Letter from the Superior – Epiphany 2022
Dear Friends in Christ,
Earlier this summer, the Reverend Sarah Coakley led our annual community retreat on the subject of risk. Using earlier members of the Society – such as our founders, Father Benson, Father Grafton, and Father O’Neill, as well as some others, such as Father Johnson, Father Waggett, Father Slade, and our beloved Brother Paul Wessinger – Dr. Coakley examined how risk has played an essential role in the history of the community from the very beginning. Each morning she challenged us to take seriously the risks with which we are being invited to wrestle on a daily basis, as well as to renew our willingness to take risks.
One of the greatest risks, of course, is the risk of belief. I think we will all admit, belief is a risky thing, especially when so much around us contradicts the very things we claim. The thing is, belief is not about claims being proven true. Our word “belief” comes to us from an earlier word meaning confidence in a person or thing, as well as holding something dear, or putting our trust in something or someone.
Beginning with this issue of Cowley we are going to be exploring the essentials of our belief – in this larger sense of what we hold dear, what we put our trust in – over three successive issues. Our exploration begins with this issue, in which we take up what it means to believe. In the following two issues, we will ponder how God engages with us, and then what it means to belong.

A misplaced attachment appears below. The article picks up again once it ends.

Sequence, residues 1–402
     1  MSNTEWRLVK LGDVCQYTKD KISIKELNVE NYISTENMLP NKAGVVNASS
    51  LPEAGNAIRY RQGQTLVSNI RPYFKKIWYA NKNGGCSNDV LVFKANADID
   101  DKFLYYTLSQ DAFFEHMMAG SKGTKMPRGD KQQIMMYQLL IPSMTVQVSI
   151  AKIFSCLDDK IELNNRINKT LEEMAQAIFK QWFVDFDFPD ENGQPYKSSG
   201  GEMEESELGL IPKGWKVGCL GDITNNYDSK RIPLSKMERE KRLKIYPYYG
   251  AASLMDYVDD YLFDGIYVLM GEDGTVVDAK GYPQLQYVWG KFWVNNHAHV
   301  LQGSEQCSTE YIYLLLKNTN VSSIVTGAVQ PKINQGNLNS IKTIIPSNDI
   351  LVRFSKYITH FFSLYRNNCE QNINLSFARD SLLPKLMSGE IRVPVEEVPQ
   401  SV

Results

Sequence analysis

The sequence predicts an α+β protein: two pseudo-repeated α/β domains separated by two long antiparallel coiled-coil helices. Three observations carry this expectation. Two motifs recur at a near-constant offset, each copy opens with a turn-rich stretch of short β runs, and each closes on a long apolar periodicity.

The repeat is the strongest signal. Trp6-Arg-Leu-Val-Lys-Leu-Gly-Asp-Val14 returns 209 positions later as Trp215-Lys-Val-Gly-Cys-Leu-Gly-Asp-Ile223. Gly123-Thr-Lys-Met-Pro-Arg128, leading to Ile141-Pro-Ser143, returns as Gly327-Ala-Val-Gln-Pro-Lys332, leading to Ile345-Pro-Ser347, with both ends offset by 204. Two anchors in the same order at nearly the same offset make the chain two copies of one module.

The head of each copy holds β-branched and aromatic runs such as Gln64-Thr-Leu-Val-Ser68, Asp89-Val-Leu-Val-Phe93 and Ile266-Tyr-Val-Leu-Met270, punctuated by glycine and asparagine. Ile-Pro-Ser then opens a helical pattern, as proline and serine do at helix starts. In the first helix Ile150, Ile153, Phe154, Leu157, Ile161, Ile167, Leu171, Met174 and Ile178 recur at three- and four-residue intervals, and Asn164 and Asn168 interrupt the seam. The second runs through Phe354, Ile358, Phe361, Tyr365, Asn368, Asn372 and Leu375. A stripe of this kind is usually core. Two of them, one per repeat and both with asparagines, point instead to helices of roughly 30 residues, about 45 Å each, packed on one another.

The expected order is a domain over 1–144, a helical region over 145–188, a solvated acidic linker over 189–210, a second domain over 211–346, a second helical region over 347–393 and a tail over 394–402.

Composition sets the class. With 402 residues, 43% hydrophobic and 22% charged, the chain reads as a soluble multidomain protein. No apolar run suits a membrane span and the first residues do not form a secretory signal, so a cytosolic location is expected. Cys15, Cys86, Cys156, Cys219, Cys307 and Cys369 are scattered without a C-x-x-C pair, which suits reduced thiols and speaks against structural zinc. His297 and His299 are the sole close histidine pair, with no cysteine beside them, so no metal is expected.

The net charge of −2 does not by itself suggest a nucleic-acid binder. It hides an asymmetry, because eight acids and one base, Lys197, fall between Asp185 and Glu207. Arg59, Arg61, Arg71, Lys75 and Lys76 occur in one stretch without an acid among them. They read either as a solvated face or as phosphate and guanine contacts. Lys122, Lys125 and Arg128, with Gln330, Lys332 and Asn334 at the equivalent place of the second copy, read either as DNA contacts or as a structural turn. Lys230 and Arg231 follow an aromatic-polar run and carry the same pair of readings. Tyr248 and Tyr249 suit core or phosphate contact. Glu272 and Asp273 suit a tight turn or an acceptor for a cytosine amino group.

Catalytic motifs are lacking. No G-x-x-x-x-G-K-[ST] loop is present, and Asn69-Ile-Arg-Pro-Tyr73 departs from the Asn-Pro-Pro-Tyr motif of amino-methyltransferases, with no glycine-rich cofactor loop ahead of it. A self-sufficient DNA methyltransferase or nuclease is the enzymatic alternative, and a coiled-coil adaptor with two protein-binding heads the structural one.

As a parish priest I was often struck by one of the prayers I recited at funerals: “that … we may be gathered to our ancestors, having the testimony of a good conscience, in the communion of the catholic Church, in the confidence of a certain faith, in the comfort of a religious and holy hope, in favor with you, our God, and in perfect charity with the world …”
If I were to begin to say what I mean when I speak of belief, I would start there. Belief is about having confidence in a certain faith. Here I take the meaning of the word certain, not as particular but firm. This faith is not, for me at least, a private opinion. It is rooted in something much larger than me. It is rooted in the faith and practice of the catholic Church. Such a faith has consequences. It demands that I live with a good conscience, knowing right and wrong; it gives me a sense of purpose and a holy hope; it requires me to live in perfect charity with the world.
While there are many in this world who live with a good conscience, knowing right and wrong; who live lives of hope; and who are in perfect charity with the world, the thing which sets us apart as Christians is that for us, these are a product of our confidence in Jesus Christ.
By inviting you to explore what it means to believe, it is our hope that you will be more “ready to make your defense to anyone who demands from you an account of the hope that is in you” (1 Peter 3:15).
Please know how grateful we are for the gift of your friendship.
Faithfully in Christ,
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